Swissquote: Everybody is Fed-dependent

Swissquote: Everybody is Fed-dependent

Fed dollar (kreatikar, Pixabay)

The major indices in Europe and the US across traded rangebound near their ATH levels and the US dollar index fluctuated a touch above the 105 level ahead of the US and European inflation updates that will start flowing in today.

The major story of Monday was a renewed rally in Gamestop and AMC shares after Keith Gill, aka, Roaring Kitty, posted on X for the first time since 2021. The moves revived the 2021’s meme nostalgia, but the meme stocks will unlikely see their original glory.

First, the macroeconomic setting is different: we are in a period of higher interest rates and tight monetary policies where the Federal Reserve (Fed) and other central banks are no longer pumping pandemic-rescue cash into the system.

Second, people are not stuck home and savings have melted since the pandemic pile-up.

Third, the trading volumes are nowhere close to 2021: around 700’000 options changed hands yesterday, while this number was around 8.5 mio back in 2021.

And last but not least, most of the retail traders know that if they are the last the come in, they will lose it all.

Of course, because the meme story is irrational, we can’t predict what’s next. But thank you, Roaring Kitty, for spicing up a day that would’ve otherwise been long hours of waiting for the US and European inflation numbers.

Let’s go back to our beans. The US will release the PPI figures for April today. The core PPI is seen stable at 2.4% on a yearly basis, while headline PPI may have ticked slightly higher, from 2.1% to 2.2% last month. A figure in line, or ideally below expectation, should give a sigh of relief to the Fed doves, let the US dollar soften against major peers and help lift appetite in risk assets, while a figure above expectations will further dampen the Fed cut expectations, give a boost to the US dollar and weigh on stock and bond valuations.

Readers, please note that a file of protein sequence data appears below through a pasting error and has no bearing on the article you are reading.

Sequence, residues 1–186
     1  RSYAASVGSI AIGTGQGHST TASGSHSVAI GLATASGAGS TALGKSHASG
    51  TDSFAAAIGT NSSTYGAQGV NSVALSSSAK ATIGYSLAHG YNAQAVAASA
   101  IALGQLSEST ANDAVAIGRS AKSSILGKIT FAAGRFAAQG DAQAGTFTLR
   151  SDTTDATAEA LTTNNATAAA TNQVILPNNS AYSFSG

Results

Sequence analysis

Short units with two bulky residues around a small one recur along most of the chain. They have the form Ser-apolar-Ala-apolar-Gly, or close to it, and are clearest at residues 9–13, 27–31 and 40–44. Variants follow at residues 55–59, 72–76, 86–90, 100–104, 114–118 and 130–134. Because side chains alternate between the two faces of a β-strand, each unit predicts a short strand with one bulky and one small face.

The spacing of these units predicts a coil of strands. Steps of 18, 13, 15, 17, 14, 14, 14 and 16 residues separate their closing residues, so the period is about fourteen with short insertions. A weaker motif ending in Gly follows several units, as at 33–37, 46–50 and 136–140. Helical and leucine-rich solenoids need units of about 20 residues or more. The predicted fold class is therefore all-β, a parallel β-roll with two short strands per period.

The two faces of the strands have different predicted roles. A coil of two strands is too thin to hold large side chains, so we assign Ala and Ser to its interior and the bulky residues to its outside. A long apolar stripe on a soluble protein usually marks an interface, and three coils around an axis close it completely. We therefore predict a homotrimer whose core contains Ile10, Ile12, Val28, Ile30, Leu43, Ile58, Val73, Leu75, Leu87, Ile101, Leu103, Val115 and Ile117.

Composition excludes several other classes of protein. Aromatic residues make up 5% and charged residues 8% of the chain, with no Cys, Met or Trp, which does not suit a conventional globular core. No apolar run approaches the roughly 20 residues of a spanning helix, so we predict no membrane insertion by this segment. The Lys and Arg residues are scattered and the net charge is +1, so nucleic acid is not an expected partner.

Across the Atlantic Ocean, headline inflation in the Eurozone may have stabilized near 2.4% and core inflation may have eased further to 2.7% from 2.9% printed a month ago.

This week’s inflation updates should maintain the ‘diverging inflation dynamics’ narrative live. The US inflation is seen heating up whereas inflation in the Eurozone and the UK are forecasted to continue their journey to the south – toward the central banks’ 2% inflation target. The latter divergence obliges the Fed to postpone its rate cut plans, but keeps the European Central Bank (ECB) and the Bank of England (BoE) on track to cut their rates this summer.

Both the ECB and the BoE say that they are ‘data dependent and not Fed dependent’. But that’s true under one condition: the euro and sterling should not depreciate significantly against the USD. So far, both the euro and sterling resist surprisingly well to the divergence between the hawkish Fed versus dovish ECB and BoE.

1.     Slight improvement in EZ growth numbers versus a significant slide in the latest growth data partly explain the tempered USD appreciation.

2.      The idea that the Fed’s next move is a rate cut – even if it comes a bit later than many have hoped at the start of the year – prevents the USD bulls from coming back forcefully in charge. The Fed also announced to slow QT at the March meeting.


Yet, note that the US dollar index advanced up to 5% since the start of this year and risks are tilted to the upside as long as we don’t see the US inflation return to the falling path.

And the reality is that we are all Fed dependent. No matter what the ECB and the BoE say, they can’t walk it alone if the US dollar appreciates due to a U-turn in the US inflation. A significant dollar appreciation would boost inflation in the Eurozone and the UK, and bring the ECB and the BoE to review their rate cutting plans beyond summer.